How would you describe what happened in podcasting this year?

An executive: “I think 2023 for podcasting was what 2000 was for the dot-com business. A vicious and destructive but very necessary correction that helped one of the defining businesses of the last 20 years get on the right track. The tide of Hollywood people, VCs, tech companies, and drunken platforms is finally receding. What’s left is a very strong business that will start to grow again.”

Martin Austwick, independent musician and audiomaker: “Just a load of terrible bullshit. Terrible idiots with no sense about audio or the business of audio finally deciding to turn off the money taps for whatever reason. Lots of people lost their jobs, freelancers struggling to find work. The terrible idiots are probably doing fine. Now lots of people think that because those terrible idiots with blank checks can’t make money, audio is fucked. It kinda is, but mainly because of the idiots and that resulting crisis of confidence, not because people aren’t listening to audio.”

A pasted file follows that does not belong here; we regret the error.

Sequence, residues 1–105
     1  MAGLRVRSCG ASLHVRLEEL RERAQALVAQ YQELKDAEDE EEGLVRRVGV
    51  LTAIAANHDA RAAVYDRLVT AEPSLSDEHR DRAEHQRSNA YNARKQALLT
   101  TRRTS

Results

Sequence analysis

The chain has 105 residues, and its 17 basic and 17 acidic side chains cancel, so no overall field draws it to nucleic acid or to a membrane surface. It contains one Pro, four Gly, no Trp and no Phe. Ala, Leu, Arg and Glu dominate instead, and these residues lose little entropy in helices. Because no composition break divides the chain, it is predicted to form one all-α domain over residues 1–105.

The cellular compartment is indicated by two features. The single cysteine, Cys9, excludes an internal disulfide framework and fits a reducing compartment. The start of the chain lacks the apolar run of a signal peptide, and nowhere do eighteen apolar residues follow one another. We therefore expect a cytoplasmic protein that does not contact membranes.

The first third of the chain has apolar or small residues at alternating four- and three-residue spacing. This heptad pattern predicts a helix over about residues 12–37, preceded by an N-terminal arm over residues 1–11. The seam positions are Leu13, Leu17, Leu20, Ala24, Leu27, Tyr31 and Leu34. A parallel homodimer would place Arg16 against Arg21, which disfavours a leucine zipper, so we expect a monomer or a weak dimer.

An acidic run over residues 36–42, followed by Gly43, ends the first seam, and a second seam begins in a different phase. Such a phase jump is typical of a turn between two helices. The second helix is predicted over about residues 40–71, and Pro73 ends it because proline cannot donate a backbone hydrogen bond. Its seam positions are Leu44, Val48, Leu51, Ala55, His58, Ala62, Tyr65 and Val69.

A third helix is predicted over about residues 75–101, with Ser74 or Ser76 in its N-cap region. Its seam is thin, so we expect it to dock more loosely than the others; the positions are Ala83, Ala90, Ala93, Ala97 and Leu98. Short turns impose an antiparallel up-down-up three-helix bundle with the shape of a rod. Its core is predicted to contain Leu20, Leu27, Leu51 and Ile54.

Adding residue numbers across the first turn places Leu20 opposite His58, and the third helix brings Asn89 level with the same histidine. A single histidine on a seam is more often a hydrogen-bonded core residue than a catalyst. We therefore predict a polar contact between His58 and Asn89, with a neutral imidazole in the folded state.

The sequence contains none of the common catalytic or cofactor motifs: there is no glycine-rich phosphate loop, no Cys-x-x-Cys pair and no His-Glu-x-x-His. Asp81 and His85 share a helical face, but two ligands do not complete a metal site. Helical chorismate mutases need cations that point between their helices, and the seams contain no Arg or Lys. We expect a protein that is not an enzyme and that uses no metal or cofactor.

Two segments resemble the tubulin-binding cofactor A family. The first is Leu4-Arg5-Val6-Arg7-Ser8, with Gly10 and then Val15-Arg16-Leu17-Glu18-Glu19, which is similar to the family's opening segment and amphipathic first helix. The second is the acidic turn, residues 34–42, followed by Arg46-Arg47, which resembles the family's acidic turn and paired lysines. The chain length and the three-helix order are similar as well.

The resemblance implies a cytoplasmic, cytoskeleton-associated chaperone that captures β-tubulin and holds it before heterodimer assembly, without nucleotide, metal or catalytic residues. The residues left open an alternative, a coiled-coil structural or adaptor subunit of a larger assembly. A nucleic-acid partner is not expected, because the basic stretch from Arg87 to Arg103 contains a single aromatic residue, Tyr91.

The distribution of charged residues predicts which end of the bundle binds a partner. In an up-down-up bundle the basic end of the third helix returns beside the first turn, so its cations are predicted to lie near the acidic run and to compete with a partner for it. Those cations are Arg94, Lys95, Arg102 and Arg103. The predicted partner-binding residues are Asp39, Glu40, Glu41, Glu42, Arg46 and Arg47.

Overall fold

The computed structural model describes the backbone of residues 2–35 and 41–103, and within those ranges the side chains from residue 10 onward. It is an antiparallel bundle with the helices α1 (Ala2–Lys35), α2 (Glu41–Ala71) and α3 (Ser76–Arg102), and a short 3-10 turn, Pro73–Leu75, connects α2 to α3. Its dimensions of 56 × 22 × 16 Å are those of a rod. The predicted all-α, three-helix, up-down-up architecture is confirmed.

A public media executive: “There were two major factors: a large market correction because of minimum guarantees and acquisitions that created conditions that were not sustainable financially or in terms of audience. These behaviors are largely at the heels of for-profit companies being extractive of the medium. The second factor is that we have gone through a faux-recession, but media buyers and the media budgets behaved as if there was an actual recession.”